Recreational marijuana sales in Alaska’s largest city continued to grow in 2020 despite the COVID-19 pandemic, highlighting the resiliency of the state’s adult-use industry even in challenging conditions.
Anchorage posted a record $9 million in recreational sales in September, a 25% increase over the same month last year.
With 40% of the state’s population and retail licenses, the city is the best indicator of the overall growth the Alaska market is experiencing.
Statewide sales figures were unavailable, but the total number of ounces sold in Alaska in September grew 11% year-over-year and were up 42% over September 2018.
The board renewed those rules in November. They are now set to expire in March but could be extended again to help ensure public safety.
The state’s marijuana industry also has supporters in high places.
At-large Alaska Congressman Don Young, a states’-rights advocate and co-founder of the Congressional Cannabis Caucus, was one of five Republicans to vote for the MORE Act, a bill that would legalize marijuana in the United States.
(How each legislator voted is available here.)
“This bill isn’t perfect, but it takes important steps to safeguard our personal liberties and freedom,” Young tweeted after the vote last week.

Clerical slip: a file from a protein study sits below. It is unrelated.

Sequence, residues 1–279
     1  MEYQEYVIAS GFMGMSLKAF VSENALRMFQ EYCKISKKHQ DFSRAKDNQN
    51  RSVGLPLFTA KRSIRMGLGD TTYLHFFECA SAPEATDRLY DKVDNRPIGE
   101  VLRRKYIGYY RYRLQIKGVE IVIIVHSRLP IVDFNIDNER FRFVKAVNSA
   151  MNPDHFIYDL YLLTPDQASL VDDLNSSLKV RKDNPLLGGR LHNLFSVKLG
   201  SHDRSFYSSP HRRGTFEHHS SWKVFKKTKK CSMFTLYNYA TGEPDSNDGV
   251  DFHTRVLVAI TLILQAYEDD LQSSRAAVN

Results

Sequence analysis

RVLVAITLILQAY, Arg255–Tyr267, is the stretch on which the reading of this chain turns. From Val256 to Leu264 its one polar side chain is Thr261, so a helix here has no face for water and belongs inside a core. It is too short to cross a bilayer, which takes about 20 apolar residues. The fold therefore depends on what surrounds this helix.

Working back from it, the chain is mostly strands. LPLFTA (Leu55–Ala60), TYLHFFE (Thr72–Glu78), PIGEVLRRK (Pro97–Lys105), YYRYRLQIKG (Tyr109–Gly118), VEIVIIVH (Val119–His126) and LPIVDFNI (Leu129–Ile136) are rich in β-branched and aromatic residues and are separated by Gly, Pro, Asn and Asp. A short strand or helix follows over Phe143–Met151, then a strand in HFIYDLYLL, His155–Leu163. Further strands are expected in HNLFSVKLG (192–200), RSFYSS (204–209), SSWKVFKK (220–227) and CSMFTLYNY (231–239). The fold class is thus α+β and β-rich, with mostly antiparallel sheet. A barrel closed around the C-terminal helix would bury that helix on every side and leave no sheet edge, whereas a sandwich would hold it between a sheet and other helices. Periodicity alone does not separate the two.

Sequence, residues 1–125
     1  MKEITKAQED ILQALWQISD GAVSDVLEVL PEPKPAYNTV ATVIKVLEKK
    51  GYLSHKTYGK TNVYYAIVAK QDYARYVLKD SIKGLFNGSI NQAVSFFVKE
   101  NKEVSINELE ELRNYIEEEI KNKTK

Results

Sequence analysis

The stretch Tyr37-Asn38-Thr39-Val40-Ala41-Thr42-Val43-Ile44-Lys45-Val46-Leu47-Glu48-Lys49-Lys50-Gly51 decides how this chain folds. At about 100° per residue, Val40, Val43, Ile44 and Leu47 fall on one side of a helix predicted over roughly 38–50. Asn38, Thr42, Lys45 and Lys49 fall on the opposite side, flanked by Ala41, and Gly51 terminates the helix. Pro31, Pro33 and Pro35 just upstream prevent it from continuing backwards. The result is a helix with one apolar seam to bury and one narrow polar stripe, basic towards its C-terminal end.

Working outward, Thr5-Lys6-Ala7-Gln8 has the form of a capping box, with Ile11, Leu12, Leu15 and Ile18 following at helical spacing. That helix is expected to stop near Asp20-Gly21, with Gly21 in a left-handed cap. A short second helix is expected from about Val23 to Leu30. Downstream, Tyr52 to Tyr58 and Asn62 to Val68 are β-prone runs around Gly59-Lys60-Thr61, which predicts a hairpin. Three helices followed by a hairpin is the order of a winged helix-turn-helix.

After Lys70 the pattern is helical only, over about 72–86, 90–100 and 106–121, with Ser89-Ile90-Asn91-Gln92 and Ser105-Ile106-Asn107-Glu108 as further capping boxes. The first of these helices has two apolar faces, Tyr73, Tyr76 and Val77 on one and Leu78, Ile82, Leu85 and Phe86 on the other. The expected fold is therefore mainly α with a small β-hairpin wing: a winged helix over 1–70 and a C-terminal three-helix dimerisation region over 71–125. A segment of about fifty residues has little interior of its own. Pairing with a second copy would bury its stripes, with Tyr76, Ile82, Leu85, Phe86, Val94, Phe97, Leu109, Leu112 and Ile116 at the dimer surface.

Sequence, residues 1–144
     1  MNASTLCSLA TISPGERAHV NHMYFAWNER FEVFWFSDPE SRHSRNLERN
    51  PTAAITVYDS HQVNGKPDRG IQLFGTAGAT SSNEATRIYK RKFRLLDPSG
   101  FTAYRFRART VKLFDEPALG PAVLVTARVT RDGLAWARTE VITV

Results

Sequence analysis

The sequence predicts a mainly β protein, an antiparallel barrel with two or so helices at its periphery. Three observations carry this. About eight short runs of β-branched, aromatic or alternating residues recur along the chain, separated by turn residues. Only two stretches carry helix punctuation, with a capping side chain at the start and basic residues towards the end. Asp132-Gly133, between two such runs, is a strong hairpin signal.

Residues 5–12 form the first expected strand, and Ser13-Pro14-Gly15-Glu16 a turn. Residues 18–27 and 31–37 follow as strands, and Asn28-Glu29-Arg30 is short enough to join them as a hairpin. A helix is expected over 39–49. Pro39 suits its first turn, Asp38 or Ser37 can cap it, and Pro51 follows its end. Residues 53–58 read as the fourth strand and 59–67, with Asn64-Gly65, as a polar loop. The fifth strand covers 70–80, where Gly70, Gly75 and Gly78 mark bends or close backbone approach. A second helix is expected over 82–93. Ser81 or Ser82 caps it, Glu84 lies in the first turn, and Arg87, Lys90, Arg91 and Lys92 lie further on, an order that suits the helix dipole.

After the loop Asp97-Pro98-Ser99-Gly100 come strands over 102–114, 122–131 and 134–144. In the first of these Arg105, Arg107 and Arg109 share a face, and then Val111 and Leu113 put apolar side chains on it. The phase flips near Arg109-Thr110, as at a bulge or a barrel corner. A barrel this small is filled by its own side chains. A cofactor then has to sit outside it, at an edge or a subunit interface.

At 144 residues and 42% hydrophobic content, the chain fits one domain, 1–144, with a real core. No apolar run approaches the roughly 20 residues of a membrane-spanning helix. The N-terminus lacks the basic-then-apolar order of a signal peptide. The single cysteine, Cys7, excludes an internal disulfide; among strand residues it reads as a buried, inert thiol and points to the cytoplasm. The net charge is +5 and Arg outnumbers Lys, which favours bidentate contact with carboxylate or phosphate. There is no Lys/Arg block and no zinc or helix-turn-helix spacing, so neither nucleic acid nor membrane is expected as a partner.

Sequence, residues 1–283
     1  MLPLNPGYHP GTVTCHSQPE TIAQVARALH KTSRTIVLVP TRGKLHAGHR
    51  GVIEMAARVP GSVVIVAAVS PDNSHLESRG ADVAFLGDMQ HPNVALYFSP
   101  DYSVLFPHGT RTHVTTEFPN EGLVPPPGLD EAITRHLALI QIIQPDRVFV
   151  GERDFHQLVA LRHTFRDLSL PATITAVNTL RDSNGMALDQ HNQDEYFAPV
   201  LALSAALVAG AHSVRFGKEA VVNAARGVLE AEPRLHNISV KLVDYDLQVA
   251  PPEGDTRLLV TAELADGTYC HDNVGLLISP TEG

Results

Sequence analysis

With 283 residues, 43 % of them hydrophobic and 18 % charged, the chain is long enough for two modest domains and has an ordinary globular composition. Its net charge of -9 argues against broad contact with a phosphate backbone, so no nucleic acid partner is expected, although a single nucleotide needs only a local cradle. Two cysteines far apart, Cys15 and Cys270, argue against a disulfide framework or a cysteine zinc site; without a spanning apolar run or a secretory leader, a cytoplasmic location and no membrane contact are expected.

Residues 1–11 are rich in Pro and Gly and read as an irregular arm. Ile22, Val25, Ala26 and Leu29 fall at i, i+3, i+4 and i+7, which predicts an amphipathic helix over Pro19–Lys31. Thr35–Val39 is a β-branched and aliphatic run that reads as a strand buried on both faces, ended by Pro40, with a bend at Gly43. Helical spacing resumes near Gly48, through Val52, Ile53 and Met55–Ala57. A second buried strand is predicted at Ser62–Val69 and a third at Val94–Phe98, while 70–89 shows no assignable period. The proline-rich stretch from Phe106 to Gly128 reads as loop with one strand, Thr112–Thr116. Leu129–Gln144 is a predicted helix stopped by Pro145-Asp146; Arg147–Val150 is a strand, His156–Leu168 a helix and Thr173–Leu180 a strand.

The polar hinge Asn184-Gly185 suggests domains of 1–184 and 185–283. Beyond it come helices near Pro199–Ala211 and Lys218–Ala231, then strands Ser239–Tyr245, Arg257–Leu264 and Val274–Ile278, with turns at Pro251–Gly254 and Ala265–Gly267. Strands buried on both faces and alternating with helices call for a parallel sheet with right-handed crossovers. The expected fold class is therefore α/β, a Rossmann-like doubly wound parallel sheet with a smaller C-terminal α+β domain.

Today, I helped the House pass the most significant #cannabis reform legislation in decades – the #MOREAct. This bill isn't perfect, but it takes important steps to safeguard our personal liberties and freedom. THREAD: pic.twitter.com/3ey5RcY0VP
— Rep. Don Young (@repdonyoung) December 4, 2020
With a $50-per-ounce sales tax on flower in Alaska, some of the state’s politicians likely are looking to protect marijuana tax revenues at a time the pandemic has hit state budgets around the nation.
Money brought in from cannabis sales quickly is overtaking tax dollars collected for alcohol in Alaska.
According to Alaska’s Alcohol & Marijuana Control Office, liquor, wine, beer and cider sales statewide garnered $3.4 million for the state’s coffers in September and marijuana sales brought in $2.2 million that month.
The growth is even more impressive considering the state’s amendment to the tax code that reduces the marijuana tax to $25 an ounce on lower-grade flower that is immature, abnormally shaped or has observable seeds.
In September, Alaska cannabis businesses sold more than 12,000 ounces of such flower, which is mostly used for extraction.
Overall, flower accounted for 30,000 ounces of total sales in September across Alaska, while the remainder of the plant, or trim, accounted for about the same.
The state started taxing marijuana clones at a $1 a plant in 2019.
Since then, 17,230 plants have been sold with an average of about 800 sold a month.
Clone sales from January through September declined about 40% from the same period last year, but the cause of the decline is unclear.
Andrew Long can be reached at firstname.lastname@example.org